Iqbal, 556 U.S. at 678. Indeed, “[a] pleading that offers ‘labels and conclusions’ or ‘a
formulaic recitation of the elements of a cause of action will not do.’” Id.
A. Count One: Writ of Mandamus
The Plaintiffs seek a writ of mandamus “commanding and directing the City to deannex the Plaintiffs’ property from within the City’s boundaries, or alternatively, to at least
take such action as necessary to vote upon an ordinance that would de-annex the Property
from within the city boundaries.” (Doc. 13 at 11–12, para. A). Addressing the Plaintiffs’
cause of action for mandamus relief, the parties assert that this is a state law cause of action
and cite to Alabama law. However, writs of mandamus were abolished by Rule 81 of the
Federal Rules of Civil Procedure. Fed. R. Civ. P. 81(b)–(c) (providing that writs of
“mandamus are abolished” and noting that this rule applies “to a civil action after it is
removed from a state court”). Although pursuant to 28 U.S.C. § 1651 federal courts “may
issue all writs necessary or appropriate in aid of their respective jurisdictions and agreeable
to the usages and principles of law,” the parties do not address the Court’s power to issue
writs pursuant to this statutory authority, and the Court declines to independently undertake
such analysis. To the extent Plaintiffs’ petition for writ of mandamus could be construed
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as a request for injunctive relief, an injunction is an equitable remedy, not an independent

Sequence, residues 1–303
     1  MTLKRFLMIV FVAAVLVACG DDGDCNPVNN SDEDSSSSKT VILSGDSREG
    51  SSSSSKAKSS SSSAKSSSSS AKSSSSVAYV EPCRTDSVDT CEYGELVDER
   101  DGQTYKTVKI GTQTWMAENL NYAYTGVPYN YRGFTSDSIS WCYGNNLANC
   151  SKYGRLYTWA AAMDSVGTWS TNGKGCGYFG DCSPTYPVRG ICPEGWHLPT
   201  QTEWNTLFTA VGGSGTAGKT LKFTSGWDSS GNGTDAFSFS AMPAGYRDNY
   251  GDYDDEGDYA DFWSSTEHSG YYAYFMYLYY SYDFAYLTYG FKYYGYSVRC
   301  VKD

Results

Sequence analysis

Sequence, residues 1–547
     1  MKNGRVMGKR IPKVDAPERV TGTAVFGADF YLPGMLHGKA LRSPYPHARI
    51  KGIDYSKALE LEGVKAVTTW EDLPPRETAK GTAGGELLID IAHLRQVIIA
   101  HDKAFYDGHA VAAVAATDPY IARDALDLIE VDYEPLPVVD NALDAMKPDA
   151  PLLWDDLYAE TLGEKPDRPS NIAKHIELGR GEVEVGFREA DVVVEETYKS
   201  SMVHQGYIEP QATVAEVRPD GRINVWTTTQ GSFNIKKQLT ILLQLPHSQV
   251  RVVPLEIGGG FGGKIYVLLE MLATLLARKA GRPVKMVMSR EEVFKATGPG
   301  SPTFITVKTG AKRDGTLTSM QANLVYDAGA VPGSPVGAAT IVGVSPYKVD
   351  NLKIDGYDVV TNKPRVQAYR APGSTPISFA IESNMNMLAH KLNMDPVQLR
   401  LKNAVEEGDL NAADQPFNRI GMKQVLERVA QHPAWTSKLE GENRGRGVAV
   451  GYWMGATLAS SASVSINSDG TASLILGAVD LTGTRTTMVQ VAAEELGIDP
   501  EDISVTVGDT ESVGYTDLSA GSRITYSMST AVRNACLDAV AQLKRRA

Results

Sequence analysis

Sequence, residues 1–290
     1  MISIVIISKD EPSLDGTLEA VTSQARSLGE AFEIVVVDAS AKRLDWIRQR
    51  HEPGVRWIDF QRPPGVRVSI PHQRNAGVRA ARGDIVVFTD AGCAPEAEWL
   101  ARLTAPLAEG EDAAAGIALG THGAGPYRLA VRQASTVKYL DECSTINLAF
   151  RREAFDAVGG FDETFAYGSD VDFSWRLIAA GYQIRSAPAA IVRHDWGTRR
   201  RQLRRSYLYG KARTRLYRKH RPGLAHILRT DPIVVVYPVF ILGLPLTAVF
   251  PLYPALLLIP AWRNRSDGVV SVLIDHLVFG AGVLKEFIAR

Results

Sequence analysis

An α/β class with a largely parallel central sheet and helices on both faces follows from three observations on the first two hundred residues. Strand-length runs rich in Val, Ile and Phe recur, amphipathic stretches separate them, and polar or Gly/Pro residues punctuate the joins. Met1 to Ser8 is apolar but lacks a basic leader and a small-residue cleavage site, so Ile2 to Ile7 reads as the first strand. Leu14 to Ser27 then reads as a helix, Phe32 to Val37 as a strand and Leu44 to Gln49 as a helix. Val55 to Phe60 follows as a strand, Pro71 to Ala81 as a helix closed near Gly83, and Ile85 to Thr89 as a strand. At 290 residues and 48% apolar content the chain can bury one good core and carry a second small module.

cause of action. In any event, the Plaintiffs seek injunctive relief for their claims brought
pursuant to the Equal Protection Clause of the Fourteenth Amendment. Because the
Plaintiffs cannot maintain their independent cause of action for a writ of mandamus, that
claim is due to be dismissed.
Even if the Plaintiffs could assert a viable cause of action for a writ of mandamus,
they would not be entitled to the relief sought. Despite the Plaintiffs’ claim that they have
a right to a hearing and a vote on their petition, the Alabama Supreme Court foreclosed
such argument when it held that individuals do not have a right to have their petitions for
de-annexation heard under Alabama law. Courtyard Manor Homeowner’s Ass’n v. City of
Pelham, 2019 WL 5288011, at *3 (Ala. 2019). In that case, Courtyard Manor filed a suit
against the City of Pelham when the City Council failed to conduct a hearing or respond to
the plaintiff’s petition for de-annexation. Id. at *1. After a year of waiting for the City
Council to hear their petition, the plaintiff requested that the state court require the Pelham
City Council to hold a hearing on the petition. Id. The circuit court granted the defendant’s